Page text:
There is a wonderful bookshop in the village of Penn, Buckinghamshire, that I have visited on many occasions. It is crammed with second hand books from floor to ceiling and in every available corner and floor space, and I have spent many a happy hour just browsing and telling myself that I do not need any more books on my shelves, only to come away with another armful. The building was once the village bakery and some time ago I was inspired to write a poem about it.
This is where the baker’s oven stood,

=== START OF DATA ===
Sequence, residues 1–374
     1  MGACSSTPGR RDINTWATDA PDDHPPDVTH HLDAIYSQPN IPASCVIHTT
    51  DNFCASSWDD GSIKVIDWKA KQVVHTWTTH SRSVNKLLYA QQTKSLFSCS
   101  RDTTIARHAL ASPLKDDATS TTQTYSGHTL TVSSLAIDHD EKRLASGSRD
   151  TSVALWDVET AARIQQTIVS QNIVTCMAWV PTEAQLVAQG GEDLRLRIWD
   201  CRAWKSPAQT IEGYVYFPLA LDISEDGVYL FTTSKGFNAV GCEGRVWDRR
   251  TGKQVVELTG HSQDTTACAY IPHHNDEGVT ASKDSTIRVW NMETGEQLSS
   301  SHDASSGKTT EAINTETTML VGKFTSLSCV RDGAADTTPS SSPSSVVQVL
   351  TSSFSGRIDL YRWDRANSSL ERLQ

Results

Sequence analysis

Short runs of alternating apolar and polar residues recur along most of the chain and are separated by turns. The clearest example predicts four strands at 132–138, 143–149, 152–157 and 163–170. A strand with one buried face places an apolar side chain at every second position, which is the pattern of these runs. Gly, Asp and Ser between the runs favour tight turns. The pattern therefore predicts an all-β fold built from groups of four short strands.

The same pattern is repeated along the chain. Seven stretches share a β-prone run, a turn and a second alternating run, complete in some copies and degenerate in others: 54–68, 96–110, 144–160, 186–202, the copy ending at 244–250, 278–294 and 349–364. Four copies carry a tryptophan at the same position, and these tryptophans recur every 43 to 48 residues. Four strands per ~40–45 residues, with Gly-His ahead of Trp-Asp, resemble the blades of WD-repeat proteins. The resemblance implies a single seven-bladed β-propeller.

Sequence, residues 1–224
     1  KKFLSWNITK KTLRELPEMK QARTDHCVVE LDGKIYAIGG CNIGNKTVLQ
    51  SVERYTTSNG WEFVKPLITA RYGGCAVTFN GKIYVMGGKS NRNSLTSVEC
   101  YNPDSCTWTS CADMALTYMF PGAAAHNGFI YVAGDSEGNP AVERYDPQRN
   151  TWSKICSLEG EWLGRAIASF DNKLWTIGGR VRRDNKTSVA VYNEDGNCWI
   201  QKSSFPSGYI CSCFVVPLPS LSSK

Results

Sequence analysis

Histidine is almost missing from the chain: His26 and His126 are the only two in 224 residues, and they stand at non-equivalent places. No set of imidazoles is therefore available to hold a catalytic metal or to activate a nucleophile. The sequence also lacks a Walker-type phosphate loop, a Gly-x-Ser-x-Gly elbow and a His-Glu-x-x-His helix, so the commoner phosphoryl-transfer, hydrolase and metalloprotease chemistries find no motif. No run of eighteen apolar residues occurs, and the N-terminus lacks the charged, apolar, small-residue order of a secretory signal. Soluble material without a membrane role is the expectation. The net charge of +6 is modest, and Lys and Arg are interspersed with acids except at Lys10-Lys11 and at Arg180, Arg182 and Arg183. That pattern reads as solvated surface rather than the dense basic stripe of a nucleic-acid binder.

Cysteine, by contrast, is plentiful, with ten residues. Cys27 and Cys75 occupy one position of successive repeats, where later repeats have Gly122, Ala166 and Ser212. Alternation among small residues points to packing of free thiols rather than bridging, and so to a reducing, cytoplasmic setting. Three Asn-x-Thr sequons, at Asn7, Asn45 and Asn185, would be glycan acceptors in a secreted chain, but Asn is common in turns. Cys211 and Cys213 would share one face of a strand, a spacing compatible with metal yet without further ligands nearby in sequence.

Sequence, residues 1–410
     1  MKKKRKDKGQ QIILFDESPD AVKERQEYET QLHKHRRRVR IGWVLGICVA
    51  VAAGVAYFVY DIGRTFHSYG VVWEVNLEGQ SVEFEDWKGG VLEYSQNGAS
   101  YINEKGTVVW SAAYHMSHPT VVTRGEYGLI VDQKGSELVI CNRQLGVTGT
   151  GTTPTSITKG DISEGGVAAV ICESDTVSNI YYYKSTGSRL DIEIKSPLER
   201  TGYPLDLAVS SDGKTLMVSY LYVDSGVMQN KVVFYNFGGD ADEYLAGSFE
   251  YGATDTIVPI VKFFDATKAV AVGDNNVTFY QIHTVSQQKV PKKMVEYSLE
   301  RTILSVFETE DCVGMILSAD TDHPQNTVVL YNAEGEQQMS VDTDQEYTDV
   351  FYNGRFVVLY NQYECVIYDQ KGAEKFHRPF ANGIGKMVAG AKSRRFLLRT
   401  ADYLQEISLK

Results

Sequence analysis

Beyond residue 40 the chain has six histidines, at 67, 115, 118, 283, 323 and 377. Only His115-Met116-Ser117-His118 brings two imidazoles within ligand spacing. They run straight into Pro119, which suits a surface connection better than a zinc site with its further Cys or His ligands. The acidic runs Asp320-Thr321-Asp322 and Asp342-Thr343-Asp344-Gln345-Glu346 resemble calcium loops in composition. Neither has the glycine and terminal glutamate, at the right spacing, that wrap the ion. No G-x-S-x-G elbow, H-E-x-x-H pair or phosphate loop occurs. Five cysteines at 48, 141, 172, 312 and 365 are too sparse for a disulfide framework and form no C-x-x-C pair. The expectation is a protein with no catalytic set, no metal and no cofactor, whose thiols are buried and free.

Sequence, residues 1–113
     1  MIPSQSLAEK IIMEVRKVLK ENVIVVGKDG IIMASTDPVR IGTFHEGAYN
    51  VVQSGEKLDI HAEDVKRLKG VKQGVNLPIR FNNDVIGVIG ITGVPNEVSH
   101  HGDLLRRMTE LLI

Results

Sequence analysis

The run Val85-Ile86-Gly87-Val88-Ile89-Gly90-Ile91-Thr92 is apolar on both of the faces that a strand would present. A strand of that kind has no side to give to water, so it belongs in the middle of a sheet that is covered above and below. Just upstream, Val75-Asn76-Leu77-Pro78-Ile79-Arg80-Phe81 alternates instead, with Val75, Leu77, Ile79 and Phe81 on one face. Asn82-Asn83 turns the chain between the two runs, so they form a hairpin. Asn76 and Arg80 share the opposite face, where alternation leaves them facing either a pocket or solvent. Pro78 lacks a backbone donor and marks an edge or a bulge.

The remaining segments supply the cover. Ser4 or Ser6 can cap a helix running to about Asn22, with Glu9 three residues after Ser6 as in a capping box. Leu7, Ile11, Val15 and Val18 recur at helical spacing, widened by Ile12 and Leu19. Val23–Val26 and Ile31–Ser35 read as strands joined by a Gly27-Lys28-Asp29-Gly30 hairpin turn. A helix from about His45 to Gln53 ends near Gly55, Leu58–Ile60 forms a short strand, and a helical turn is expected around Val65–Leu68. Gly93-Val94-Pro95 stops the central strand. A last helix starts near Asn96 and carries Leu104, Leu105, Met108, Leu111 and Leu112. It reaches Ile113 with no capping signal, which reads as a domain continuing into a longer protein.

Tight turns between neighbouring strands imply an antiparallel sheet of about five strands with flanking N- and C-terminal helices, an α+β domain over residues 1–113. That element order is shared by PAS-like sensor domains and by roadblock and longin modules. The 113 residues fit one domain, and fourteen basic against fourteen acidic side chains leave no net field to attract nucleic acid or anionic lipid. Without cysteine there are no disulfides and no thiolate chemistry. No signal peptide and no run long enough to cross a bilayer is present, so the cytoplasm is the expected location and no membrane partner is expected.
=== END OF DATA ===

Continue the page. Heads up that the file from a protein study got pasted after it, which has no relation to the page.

his wood store now a site for art and artists.
Inside the window nook
a hardback feast of cook books
spread thickly on a table top.
Serried spines of orange, blue and red
sit below the stairs that rise to a world
of bedtime reads and lashings of Blyton.
The inky smells of fresh pressed print
are now just musty memories of childhood.
Dust rests along the leaves of classics,
condemned to a sanctum of solemnity.
Poetry, masterful and mundane,
pristine and pock-marked, engulfs the floor.
Right angled to the window is the science,
where nonsense verse perversely props that shelf.
Ancient timbers creak beneath the heaps
on plants and gardens (most opened only once).
History is everywhere: inscribed inside
once treasured tomes,
dedications tell in ancient ink
those stories all their very own.